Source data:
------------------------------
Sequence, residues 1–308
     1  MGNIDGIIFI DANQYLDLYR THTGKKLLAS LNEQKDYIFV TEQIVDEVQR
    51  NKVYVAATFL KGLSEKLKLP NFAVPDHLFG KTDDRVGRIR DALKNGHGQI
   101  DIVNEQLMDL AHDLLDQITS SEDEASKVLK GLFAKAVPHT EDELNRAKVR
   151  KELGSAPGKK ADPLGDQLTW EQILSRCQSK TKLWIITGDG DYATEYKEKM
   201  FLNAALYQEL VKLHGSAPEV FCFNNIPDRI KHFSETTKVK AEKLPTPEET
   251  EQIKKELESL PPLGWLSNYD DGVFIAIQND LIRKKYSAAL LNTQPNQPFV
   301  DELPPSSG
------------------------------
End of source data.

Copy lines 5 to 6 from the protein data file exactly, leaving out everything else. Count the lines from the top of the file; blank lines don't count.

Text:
   151  KELGSAPGKK ADPLGDQLTW EQILSRCQSK TKLWIITGDG DYATEYKEKM
   201  FLNAALYQEL VKLHGSAPEV FCFNNIPDRI KHFSETTKVK AEKLPTPEET